Keyword Matching: Close Only Counts In Horseshoes & Hand Grenades

The last “all features”-only option allows advertisers to opt-out of exact and phrase near-match:

adwords keyword matching

I haven’t seen a huge impact one way or the other from this feature, but when in doubt, I prefer to have more control over my keywords, so I opt out.

The Average Man Thinks He Isn’t

As I’ve said numerous times in this article, I don’t fault Google for making choices in the name of simplicity. Amongst self-serve online advertising platforms, Google has the best training and FAQs and the easiest-to-use interface. All that being said, the things that are missing from the default campaign settings in AdWords are the nuances that often make or break an account.

And, this ultimately goes back to my original point: people who think they know AdWords but actually don’t will get burned badly by simply following AdWords’ recommended settings. If you think an expert is expensive, wait until you see what a novice will cost you!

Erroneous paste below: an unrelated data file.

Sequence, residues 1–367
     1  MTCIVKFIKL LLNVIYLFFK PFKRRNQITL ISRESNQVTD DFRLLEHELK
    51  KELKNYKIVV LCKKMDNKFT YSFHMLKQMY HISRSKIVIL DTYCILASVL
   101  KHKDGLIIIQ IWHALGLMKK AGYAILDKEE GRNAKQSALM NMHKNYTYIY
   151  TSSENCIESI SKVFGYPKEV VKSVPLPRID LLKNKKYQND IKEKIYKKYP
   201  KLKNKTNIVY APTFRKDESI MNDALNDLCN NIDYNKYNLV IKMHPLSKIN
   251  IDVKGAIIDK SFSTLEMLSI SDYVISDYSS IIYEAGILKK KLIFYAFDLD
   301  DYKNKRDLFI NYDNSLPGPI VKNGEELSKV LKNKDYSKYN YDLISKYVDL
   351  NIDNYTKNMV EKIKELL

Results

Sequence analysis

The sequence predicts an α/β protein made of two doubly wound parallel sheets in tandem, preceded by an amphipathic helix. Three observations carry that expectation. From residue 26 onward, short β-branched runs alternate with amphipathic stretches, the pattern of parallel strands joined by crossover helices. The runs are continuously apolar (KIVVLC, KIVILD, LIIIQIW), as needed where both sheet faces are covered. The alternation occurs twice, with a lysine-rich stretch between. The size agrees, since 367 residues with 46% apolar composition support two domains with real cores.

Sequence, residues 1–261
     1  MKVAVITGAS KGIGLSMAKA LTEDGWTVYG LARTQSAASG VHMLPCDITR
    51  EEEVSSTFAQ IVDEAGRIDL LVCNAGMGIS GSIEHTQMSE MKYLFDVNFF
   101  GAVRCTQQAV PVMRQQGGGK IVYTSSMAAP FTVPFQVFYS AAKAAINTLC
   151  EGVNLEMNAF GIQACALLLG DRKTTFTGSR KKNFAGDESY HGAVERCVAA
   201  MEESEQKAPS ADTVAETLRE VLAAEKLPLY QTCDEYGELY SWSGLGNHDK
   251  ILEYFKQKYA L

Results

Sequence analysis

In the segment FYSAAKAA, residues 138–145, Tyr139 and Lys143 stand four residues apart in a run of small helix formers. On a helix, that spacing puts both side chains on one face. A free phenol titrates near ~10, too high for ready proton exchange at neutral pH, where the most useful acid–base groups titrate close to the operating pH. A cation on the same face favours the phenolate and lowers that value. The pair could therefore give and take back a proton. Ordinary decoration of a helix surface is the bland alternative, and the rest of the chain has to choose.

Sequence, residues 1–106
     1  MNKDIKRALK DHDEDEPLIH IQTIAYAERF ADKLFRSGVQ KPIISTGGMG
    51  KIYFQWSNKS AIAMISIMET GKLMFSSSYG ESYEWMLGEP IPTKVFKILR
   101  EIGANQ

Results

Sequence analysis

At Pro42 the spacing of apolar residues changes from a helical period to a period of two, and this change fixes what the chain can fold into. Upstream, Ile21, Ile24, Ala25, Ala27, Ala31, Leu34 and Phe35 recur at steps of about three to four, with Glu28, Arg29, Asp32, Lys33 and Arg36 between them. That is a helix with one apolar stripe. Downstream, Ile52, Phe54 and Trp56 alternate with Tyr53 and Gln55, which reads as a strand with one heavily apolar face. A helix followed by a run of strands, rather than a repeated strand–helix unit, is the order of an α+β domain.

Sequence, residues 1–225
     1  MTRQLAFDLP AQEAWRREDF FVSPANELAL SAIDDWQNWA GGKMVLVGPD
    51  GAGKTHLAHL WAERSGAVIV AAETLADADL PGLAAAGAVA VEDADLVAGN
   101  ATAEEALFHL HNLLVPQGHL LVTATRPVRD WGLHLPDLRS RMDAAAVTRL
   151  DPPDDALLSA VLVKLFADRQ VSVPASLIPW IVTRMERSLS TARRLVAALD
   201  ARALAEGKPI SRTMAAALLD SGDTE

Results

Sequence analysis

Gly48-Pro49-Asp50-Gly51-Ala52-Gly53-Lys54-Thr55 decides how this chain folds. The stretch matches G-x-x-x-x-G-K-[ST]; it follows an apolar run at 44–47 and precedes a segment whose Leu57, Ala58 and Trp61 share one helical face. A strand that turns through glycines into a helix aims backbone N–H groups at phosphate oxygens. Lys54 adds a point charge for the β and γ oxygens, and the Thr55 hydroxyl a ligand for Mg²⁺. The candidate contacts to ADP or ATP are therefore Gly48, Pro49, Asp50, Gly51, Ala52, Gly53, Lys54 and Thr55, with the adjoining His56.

Opinions expressed in the article are those of the guest author and not necessarily Search Engine Land.

Related Topics: Channel: SEM | Google: AdWords | Paid Search Column

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About The Author: is founder and CEO of 3Q Digital (formerly PPC Associates), a position he has held since the Company's inception in 2008. Prior to 3Q Digital, he held senior marketing roles at several Internet companies, including Rentals.com (2000-2001), FindLaw (2001-2004), Adteractive (2004-2006), and Mercantila (2007-2008). David currently serves on advisory boards for several companies, including Marin Software, MediaBoost, Mediacause, and a stealth travel start-up.

Connect with the author via: Email | Twitter | Google+ | LinkedIn



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  • Ronnie’s Mustache

    Good article, David!